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Last year, Margaret Denise Kronfeld (52), of Auckland, went on trial in the Dunedin District Court, where Judge Michael Crosbie found her guilty of criminal harassment and three charges of accessing a computer system without authority.
She pleaded guilty to two Telecommunications Act counts during the trial and was later sentenced to 120 hours’ community work.
In the High Court last year, Kronfeld challenged the convictions.
Defence counsel Andrew Speed said the harassment charge was essentially based on five emails sent by his client on April 5, 2015.
However, all but one of those emails was used to support other charges which had either been dismissed or admitted.
Mr Speed said that raised issues of "double jeopardy".
Justice Nicholas Davison agreed.
"The appeal against conviction on the charge of criminal harassment has succeeded on what is a technicality," he said.
Because of the way the charges were laid, only one email remained valid and that was not enough to prove the charge.
"There were many other emails which could have founded the charge of criminal harassment," Justice Davison noted.
The lewd and offensive content of some of those communications was revealed in the recently released judgement.
Using various aliases, Kronfeld questioned the fidelity of the man with whom she had had an illicit affair.
Over months, the defendant abused the woman, calling her "spineless" and telling her she was "married to a man with a hungry, wandering penis".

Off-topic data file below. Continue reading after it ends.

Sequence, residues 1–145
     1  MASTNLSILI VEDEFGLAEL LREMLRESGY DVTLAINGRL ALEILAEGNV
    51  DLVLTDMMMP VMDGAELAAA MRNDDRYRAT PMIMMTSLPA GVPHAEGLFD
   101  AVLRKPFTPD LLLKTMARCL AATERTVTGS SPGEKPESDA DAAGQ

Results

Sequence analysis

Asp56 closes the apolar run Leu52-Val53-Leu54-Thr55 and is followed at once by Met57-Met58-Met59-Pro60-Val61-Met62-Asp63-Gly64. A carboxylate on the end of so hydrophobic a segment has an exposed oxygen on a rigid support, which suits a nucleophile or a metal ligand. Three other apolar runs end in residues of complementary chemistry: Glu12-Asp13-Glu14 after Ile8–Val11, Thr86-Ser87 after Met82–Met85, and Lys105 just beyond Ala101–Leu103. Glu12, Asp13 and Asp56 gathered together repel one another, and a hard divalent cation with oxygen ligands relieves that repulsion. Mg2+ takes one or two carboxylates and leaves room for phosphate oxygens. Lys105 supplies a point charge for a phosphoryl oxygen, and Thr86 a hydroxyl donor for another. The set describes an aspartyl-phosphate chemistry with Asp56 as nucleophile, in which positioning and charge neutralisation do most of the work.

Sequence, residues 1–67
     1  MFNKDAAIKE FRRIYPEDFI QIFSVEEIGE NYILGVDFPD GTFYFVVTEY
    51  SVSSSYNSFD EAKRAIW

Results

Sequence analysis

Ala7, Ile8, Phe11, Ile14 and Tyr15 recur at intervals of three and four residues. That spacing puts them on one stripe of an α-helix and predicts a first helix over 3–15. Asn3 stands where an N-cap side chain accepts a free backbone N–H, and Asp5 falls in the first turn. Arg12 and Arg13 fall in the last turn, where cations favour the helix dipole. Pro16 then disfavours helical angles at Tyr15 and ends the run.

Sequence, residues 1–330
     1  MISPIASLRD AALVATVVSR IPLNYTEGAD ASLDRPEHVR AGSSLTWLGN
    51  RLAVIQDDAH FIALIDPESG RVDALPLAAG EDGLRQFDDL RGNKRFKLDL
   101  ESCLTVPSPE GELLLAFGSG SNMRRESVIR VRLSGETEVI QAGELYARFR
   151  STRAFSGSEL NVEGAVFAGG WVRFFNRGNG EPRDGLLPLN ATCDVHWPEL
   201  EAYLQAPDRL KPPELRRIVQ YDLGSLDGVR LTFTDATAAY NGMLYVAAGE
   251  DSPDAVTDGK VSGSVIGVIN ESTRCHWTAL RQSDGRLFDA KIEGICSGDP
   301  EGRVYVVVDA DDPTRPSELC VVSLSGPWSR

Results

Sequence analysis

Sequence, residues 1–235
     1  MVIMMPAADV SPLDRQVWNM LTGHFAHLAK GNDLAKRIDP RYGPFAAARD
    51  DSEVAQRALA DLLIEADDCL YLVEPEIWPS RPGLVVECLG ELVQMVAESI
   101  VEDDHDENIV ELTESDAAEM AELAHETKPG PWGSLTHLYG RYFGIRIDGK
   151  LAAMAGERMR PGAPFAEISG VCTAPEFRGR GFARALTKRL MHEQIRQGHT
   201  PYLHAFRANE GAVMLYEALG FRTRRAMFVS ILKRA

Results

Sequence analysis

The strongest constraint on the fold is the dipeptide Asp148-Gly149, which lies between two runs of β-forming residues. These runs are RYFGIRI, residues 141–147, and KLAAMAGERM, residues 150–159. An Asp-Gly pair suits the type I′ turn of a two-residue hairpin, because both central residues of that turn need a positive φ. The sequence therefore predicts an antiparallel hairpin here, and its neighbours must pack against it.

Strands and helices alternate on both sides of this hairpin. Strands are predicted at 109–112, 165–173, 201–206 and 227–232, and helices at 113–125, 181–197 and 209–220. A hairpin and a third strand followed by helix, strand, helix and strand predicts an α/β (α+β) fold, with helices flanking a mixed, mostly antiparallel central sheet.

The court heard at trial how Kronfeld met the married man — whose name was suppressed — at an Auckland conference in 2011.
After a host of romantic liaisons around the country, things soured between the pair.
Three years after the affair began, Kronfeld issued an ultimatum, telling the man to choose between her and his wife.
When he opted to remain with his wife, the "disgraceful" conduct started.
While Kronfeld’s appeal against the harassment conviction was successful, the appeal for accessing a computer system failed.
She had argued her lover had willingly given her a password to an electronic account that she had later used when they had split.
Kronfeld accessed their daughter’s high school hub as well as an email account the couple used, which shared the same password, the court heard.
"Just because Ms Kronfeld had been told the password to access [an] account, that did not constitute express or implied authority in order to access any other account, or access that account when any authority was spent," Justice Davison said.
An appeal against sentence will be heard by the High Court later this year.